Duke Energy Florida Exists to Serve its Customers
A company with a 120-year history continues to break ground in energy generation and economic development, priding itself in the work it does in Polk County and beyond. And all that helps it achieve its mission: to serve its customers.
“Duke Energy focuses on attracting new business to its service territory (by) helping to utilize the strong electrical infrastructure in the area,” said Marc Hoenstine, director of economic development for Duke Energy in Florida. “The commitment to growth within Duke Energy ultimately supports the community by driving new capital investment, jobs and tax base for the area.”
One of those companies was Nucor Steel Florida, which announced last year it would build a $240 million micro mill near Frostproof that will employ about 250 people. Duke was part of the team that identified potential sites, providing an analysis on electric service capacity, timeframe and competitive rates.
Work in Economic Development
Involved in economic development for more than 50 years, Duke Energy Florida’s “efforts have helped attract or grow 288 companies in Florida since 2001, resulting in more than 43,000 new jobs and over $4 billion in capital investment in the communities we serve,” Hoenstine said.
“From an economic development perspective, the success of our Polk County and Central Florida communities to attract and retain new jobs that help to diversify our state’s economy is most important,” Hoenstine said. “We assist Polk County and Central Florida by helping them to develop competitive sites through our Site Readiness Program.” That program has contributed to two properties being developed in Polk County: the Haines City Industrial Park and the Pebble Ridge Industrial Park, and to the evaluation of two other sites in Ft. Meade and Lake Wales for development consideration.
Duke Energy has been providing energy in Florida since 1899. It started when the St. Petersburg Ice Co. was delivering ice to customers to preserve food. In 1896, the company offered to provide electricity from its generator to power 30 street lights. Three years later, the company became the St. Petersburg Electric Light & Power Co., which later became Florida Power before merging into the Progress Energy family of companies. It’s now Duke Energy Florida, a subsidiary of Duke Energy (NYSE: DUK), serving more than 1.8 million customers in 35 counties. Duke, headquartered in Charlotte, N.C., is “transforming its customers’ experience, modernizing its energy grid, generating cleaner energy and expanding its natural gas infrastructure to create a smarter energy future for the people and communities it serves,” Hoenstine said.
In Polk County, Duke serves about 104,000 customers. The Hines Energy Complex sits on 8,200 acres near Bartow in Polk County. As Duke Energy’s largest generator in Florida, the station’s four power blocks produce more than 2,200 megawatts of cleaner-burning energy and provide about 40% of Duke Energy’s total energy capacity.
Duke Energy was named to Fortune’s 2019 “World’s Most Admired Companies” list and Forbes’ 2019 “America’s Best Employers” list. It has been named to Site Selection Magazine’s Top Utilities In Economic Development list for 14 years in a row.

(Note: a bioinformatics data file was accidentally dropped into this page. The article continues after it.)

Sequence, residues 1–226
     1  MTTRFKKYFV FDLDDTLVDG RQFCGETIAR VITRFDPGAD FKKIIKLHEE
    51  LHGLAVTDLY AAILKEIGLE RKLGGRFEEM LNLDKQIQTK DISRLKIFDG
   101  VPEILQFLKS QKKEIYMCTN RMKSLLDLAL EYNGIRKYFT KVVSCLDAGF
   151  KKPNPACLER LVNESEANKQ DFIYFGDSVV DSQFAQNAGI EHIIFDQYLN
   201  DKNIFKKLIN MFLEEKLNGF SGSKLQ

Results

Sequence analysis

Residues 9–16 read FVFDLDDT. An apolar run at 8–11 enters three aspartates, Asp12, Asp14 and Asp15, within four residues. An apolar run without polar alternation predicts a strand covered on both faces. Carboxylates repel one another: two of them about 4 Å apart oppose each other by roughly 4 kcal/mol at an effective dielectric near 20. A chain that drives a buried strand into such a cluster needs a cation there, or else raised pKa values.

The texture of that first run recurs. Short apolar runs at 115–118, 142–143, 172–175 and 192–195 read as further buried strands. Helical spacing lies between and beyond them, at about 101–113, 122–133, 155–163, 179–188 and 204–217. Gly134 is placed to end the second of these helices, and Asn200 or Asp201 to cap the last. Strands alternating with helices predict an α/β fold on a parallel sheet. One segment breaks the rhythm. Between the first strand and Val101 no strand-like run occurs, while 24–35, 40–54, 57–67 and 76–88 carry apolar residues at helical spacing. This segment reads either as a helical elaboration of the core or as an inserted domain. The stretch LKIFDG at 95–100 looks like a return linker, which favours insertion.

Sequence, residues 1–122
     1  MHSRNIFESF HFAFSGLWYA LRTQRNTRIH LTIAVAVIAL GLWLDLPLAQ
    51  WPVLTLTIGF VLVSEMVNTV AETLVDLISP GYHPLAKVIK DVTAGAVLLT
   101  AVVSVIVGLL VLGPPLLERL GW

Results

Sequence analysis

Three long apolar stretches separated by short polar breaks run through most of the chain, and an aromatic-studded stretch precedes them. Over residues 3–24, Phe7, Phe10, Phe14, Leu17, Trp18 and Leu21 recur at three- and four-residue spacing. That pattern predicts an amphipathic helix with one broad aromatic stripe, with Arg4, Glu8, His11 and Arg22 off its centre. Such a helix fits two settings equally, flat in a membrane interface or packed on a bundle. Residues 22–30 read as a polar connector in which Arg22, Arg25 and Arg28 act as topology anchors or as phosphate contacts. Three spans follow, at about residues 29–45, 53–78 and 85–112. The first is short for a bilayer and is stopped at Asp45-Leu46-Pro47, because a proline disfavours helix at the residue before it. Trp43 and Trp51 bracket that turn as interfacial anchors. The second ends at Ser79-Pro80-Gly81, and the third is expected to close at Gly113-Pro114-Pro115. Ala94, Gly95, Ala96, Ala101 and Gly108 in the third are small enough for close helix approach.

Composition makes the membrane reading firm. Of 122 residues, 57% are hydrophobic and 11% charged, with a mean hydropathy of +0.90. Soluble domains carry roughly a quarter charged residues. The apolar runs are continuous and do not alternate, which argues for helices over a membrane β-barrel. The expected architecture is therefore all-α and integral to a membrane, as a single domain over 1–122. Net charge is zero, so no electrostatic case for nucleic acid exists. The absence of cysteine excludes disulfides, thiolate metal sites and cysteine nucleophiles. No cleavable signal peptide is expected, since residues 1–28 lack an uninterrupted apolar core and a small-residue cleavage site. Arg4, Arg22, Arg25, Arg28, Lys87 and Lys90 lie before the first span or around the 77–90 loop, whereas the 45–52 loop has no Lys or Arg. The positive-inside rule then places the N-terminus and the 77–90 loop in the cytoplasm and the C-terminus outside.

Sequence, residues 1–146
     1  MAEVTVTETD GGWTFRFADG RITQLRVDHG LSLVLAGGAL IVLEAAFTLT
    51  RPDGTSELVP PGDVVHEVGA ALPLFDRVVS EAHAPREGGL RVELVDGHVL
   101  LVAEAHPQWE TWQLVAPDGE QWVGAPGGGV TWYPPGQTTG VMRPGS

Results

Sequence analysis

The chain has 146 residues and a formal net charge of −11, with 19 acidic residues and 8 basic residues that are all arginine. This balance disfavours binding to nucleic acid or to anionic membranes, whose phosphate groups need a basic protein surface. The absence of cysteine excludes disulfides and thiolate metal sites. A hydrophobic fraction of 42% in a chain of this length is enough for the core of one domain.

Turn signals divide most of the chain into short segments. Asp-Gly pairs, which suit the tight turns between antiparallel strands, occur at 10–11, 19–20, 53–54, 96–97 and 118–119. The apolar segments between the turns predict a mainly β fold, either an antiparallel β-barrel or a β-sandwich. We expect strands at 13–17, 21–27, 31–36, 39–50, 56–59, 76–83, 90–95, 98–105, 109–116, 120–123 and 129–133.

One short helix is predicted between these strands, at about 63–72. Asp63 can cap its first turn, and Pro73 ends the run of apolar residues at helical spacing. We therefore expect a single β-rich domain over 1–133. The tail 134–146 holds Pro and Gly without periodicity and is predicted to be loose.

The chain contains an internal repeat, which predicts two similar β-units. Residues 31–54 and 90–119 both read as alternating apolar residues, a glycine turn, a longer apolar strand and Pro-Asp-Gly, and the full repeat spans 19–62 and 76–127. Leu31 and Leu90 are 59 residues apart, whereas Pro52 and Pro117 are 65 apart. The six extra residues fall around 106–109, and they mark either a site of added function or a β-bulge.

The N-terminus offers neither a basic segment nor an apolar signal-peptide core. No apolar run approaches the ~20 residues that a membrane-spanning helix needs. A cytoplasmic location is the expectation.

Community Involvement a Core Value
“Duke Energy Florida contributed more than $5 million to non-profit organizations in Florida in 2018,” said Jerry Miller, Government & Community Relations manager for Polk, Highlands and Lake Counties. In addition, its employees volunteered more than 20,000 hours of service. Through Duke Energy’s Excellence in Education and Communities initiative, employees can take an additional 10 hours (above vacation and sick time) for volunteer work.
“Philanthropic giving and volunteerism are part of our DNA at Duke Energy, and we’re proud to support organizations in our backyard,” said Catherine Stempien, Duke Energy Florida president. “Our foundation funds organizations that provide vital services and strengthen our neighborhoods. Simultaneously, Duke Energy Florida employees – in addition to serving our customers daily by providing and restoring critical energy services – also give generously and compassion by volunteering throughout the year in the same communities in which they work and live.”
So What’s Next for Duke?
Over the next seven years, “Duke Energy Florida will invest over $190 million in Polk County as part of our grid improvement plan. This investment will have a 10-year impact of 373 jobs,” Hoenstine said.
He explained that the company is building a “smarter energy future in Florida” by upgrading and modernizing its grid and adding new solar generation.
“Through targeted undergrounding, the installation of smart-thinking grid technology and the replacement of older equipment, we’re creating an electric infrastructure that is more resistant to storm damage and other physical and cyber threats,” he said. “The goal of this work is to avoid or minimize outages and restore power faster when outages occur. These strategic improvements that are driven by data and will continue over the next four to five years and will improve the strength and capacity of thousands of miles of power lines across Florida.”
It’s also trying to help customers control their energy costs by installing smart meters; installing 530 electric vehicle charging stations in Florida; and “harnessing the power of the sun” through solar power.
“Our company priority is our customers,” Hoenstine said. “We exist to improve the lives of our customers and the vitality of the communities we serve.”